2. Belonging to a gang does not merit the death penalty.

      3. Having two misdemeanor warrants does not merit the death penalty.

      4. Hiding in the attic and drunk (apparently) does not merit the death penalty.

      In better days, the cops would have just waited him out.

      Reply this comment
  6. Ted Steele, Janitor
    Ted Steele, Janitor 26 August, 2013, 21:17

    In better days, the cops would have just waited him out. –

    you making this stuff up again John? Who says? You>???

    Reply this comment
    • John Seiler
      John Seiler Author 27 August, 2013, 08:13

      I knew a lot of cops growing up because my father was the District Judge of Wayne, Mich., 1960-85. The cops back then were part of the community. No way they would burn down somebody’s house with him inside just to arrest him for a couple of misdemeanors. And they didn’t need a SWAT team.

      Reply this comment
      • Ted Steele, Janitor
        Ted Steele, Janitor 27 August, 2013, 21:17

        John–So if I read you right, we ought to do things now the way you as a child perceived they did it in the midwest in the 60’s? Wow– you should start seminars on that John!

        Reply this comment
        • John Seiler
          John Seiler Author 28 August, 2013, 08:50

          No. My father was in office until I was 30, in 1985. For many years he lamented the centralization of the judicial system around the Feds.

          But I’ve also done independent research. See the writings of former San Jose Police Chief Ed McNamara. For example, last December he wrote an article on how the federal regime’s “war on drugs” has generated a culture of lying in local police forces: http://www.druglibrary.org/schaffer/debate/mcn/mcn6.htm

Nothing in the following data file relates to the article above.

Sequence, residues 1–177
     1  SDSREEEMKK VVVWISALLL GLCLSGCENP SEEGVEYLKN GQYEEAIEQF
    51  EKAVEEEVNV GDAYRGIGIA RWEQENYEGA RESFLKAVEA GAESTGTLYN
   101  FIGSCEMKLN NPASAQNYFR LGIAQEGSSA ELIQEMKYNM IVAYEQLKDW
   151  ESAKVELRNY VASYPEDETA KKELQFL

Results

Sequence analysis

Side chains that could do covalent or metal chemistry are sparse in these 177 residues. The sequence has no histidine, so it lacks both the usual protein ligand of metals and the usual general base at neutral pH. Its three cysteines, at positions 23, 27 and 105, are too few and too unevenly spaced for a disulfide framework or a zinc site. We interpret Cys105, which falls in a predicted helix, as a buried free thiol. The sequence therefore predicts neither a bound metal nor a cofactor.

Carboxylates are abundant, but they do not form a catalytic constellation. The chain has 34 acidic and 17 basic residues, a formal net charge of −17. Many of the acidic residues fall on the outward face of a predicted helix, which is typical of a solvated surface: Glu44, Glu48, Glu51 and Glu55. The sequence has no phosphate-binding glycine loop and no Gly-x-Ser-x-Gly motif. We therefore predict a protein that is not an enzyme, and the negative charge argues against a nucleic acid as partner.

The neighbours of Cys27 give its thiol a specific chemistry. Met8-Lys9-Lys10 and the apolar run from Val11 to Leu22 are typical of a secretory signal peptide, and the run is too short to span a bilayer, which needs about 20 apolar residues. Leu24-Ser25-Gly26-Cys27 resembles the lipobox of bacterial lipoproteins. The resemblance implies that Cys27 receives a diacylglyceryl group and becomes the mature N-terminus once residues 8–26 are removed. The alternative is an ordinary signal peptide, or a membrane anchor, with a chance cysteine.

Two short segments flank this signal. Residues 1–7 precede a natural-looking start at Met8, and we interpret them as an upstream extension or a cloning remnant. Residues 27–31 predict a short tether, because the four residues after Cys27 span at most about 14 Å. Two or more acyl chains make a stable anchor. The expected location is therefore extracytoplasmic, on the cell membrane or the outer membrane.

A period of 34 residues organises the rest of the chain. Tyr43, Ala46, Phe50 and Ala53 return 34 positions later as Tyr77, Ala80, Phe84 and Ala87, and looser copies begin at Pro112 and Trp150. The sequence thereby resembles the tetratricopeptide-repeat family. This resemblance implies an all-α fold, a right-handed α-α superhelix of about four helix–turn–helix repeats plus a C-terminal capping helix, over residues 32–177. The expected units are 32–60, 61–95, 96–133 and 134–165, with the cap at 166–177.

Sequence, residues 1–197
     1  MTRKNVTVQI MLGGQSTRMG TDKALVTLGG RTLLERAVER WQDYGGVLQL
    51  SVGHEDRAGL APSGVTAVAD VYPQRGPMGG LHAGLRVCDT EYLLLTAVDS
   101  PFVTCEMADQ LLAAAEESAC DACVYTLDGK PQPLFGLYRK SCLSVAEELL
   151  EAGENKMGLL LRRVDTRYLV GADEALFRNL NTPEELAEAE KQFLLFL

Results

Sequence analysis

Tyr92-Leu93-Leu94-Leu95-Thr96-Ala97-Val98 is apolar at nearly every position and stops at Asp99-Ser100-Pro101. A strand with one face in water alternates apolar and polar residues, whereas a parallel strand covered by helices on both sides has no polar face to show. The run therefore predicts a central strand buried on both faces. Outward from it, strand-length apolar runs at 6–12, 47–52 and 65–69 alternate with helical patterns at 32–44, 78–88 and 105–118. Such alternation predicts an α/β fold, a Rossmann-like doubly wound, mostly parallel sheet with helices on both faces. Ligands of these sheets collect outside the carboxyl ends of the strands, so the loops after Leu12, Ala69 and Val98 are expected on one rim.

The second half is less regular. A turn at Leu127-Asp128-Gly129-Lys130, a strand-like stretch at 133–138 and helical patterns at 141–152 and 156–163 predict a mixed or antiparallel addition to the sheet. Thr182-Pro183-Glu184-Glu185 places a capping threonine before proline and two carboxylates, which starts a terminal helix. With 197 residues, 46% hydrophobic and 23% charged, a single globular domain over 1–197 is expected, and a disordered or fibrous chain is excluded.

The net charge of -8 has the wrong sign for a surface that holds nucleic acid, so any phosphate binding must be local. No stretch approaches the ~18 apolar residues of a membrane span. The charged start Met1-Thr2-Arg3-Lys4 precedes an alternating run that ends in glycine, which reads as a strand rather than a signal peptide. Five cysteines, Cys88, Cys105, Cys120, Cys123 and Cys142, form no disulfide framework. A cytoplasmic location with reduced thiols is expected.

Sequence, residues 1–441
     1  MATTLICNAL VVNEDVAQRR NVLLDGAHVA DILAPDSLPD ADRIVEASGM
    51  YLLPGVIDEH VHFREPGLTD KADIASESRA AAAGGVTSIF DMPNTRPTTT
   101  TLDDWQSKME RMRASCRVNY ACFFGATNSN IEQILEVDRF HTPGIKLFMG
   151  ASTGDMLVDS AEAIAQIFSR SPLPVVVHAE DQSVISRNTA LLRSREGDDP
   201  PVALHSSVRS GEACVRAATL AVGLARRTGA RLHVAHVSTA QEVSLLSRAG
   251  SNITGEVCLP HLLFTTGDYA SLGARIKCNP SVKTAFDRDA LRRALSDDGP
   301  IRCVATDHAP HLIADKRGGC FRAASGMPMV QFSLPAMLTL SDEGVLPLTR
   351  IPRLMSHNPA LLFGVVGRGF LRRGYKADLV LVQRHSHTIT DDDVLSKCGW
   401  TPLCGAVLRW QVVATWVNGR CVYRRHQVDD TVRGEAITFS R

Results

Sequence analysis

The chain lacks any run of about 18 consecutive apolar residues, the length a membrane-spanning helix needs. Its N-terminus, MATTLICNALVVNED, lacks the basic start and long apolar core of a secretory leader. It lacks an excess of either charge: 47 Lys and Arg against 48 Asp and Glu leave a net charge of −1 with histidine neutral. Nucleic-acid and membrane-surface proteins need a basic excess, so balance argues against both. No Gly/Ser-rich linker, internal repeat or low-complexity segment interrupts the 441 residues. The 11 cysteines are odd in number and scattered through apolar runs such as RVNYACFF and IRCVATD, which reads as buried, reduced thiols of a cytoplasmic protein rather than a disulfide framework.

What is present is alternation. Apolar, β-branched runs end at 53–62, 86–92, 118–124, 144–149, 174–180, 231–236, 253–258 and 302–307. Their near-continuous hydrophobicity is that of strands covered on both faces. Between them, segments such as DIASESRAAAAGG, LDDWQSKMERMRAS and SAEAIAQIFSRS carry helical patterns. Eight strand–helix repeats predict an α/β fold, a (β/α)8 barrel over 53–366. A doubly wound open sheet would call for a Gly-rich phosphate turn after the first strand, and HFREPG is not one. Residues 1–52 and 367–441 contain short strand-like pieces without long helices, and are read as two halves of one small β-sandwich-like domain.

Reply this comment
          • Ted Steele, Janitor
            Ted Steele, Janitor 28 August, 2013, 09:08

            LOL– same point—–so we should all do what the 20 something John S. remembers what they did in the midwest in the 60’s?

          • John Seiler
            John Seiler Author 28 August, 2013, 11:22

            We should do what highly decorated Chief McNamara says: legalize drugs.

          • Ted Steele, Janitor
            Ted Steele, Janitor 28 August, 2013, 16:13

            I agree but know that when we do— THAT will come with its own huge set of trouble.

  7. Rex the Wonderdog!
    Rex the Wonderdog! 26 August, 2013, 22:20

    John how can you sit here and take the Teddy Steals and NTHEOC drivel??? Why you allow them to pollute the comments doesn’t make sense 😉

    Reply this comment
  8. Rex the Wonderdog!
    Rex the Wonderdog! 26 August, 2013, 22:24

    Get rid of the California Peace Officers’ Bill of Rights, which sets cops above us as overlords. In particular, it makes it almost impossible to find out what happened in cases of brutality like this
    ==
    You always sue sops in federal court under the civil rights act, he state laws like that peace officers bill of rights gets tossed out the second you file….. no special cop protections in federal court

    Reply this comment
  9. NTHEOC
    NTHEOC 27 August, 2013, 07:44

    Ok John, how about we just agree to disagree…..

    Reply this comment